Head Of Training, The Healthy Work Company

October 5, 2016

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Call for independent inquiry into “Crossrail workplace abuses”

Source: UCATT

Source: UCATT

Construction union UCATT is calling for an urgent independent inquiry into safety and workplace abuses on the Crossrail tunnelling contract being undertaken by contractors ATC Joint Venture (Alstom, TSO and Costain), after workers complained of exhaustion, intimidatory working practices and having to walk up to two miles underground in order to go to the toilet.

Members of the union say workers are being forced to work until they are physically exhausted and are also being required to undertake work that is beyond them. It is also said that canteen facilities are entirely inadequate.

There are currently over 1,000 workers employed by ATC on the tunnelling section of the Crossrail contract.

UCATT has written to Sadiq Khan, the Mayor of London, Crossrail, and the Health and Safety Executive urging them to undertake an independent inquiry into the abuses occurring on the project.

Jerry Swain, UCATT London and the South East Regional Secretary, said: “Not only is this project a disgrace in its treatment of its workforce but there are now serious safety concerns. These issues should cause great alarm amongst ATC and Crossrail management. We need an urgent independent inquiry in order to investigate and end these abuses. The workforce and the country require reassurance that this flagship, state-funded construction project will follow the gold standard for workers’ treatment and workplace conditions. Tunnelling is a dangerous environment.”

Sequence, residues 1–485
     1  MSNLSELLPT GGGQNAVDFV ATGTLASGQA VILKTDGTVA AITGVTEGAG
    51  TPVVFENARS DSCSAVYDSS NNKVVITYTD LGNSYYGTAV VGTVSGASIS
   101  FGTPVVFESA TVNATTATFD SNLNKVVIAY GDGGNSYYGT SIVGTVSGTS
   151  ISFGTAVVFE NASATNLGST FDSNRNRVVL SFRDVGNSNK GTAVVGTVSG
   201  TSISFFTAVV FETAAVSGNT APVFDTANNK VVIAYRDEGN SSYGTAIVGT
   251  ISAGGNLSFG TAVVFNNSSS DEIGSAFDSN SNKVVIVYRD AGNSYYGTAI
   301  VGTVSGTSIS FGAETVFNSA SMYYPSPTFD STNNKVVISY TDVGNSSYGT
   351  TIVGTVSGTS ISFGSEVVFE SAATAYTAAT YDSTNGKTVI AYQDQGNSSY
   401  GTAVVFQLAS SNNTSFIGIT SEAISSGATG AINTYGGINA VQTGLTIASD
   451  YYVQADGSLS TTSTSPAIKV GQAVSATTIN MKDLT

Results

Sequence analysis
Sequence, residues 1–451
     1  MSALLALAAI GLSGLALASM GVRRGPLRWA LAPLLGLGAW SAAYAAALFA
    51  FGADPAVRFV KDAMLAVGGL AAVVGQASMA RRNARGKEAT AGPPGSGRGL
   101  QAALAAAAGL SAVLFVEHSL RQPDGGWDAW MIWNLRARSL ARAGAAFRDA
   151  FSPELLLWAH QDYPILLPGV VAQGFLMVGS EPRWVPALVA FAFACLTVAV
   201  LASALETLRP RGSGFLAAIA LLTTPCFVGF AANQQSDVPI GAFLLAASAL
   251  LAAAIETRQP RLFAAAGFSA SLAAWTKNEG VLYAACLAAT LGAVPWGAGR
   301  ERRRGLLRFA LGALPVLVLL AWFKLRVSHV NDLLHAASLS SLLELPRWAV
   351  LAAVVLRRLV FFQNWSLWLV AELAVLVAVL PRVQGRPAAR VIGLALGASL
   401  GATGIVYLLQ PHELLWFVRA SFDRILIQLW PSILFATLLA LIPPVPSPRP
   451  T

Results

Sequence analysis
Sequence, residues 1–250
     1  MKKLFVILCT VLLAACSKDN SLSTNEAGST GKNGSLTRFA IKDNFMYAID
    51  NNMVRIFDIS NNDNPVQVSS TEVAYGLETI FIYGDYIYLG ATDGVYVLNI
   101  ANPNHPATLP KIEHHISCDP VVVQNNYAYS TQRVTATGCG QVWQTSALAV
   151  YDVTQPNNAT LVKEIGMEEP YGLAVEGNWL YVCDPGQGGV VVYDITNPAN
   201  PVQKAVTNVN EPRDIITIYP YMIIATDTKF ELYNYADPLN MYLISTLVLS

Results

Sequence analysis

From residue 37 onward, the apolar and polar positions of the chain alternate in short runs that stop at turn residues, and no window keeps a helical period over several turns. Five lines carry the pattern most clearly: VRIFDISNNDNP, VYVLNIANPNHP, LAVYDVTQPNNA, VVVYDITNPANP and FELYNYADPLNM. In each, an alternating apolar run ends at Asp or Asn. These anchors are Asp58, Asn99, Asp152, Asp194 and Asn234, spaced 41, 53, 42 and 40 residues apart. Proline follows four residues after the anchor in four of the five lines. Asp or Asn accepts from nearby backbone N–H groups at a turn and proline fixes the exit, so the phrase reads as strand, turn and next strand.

Last Thursday (29 September) UCATT held a protest outside the entrance to the tunnelling project over the poor welfare facilities and the failure of the contract’s fingerprint recognition system, which has resulted in many of the workforce not being paid correctly for the work they have undertaken.

UCATT later received reports from workers who had spoken to demonstrators claiming that when they entered the site they were stopped and questioned by site management.

Mr Swain, added: “It’s shameful that management at international construction companies, working on a major state-funded project, are going to extraordinary lengths to keep unions off site. It is like they have their own blacklist. There can be nothing more insulting than working a full shift, in difficult conditions in a tunnel, and then not getting paid. This needs to be rectified.”

SHP approached the ATC joint venture for a comment. A spokesperson said:  “We have robust procedures in place, and have assured our team members that all hours that are worked will be paid. The booking-in system is being fully investigated and as a precaution, a dedicated timekeeper has been placed at Fisher Street to assist with any issues. Negotiations about wages are between the company and our staff.

“With regards to the welfare, facilities are in place where possible. Due to the obvious restrictions within some of the tunnels, ATC is working with the other contractors at the stations to enable the use of their facilities.”

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Ray Rapp
Ray Rapp
7 years ago

Not really surprised, I worked on Crossrail for two years as a H&S Manager – glad to see the back of it.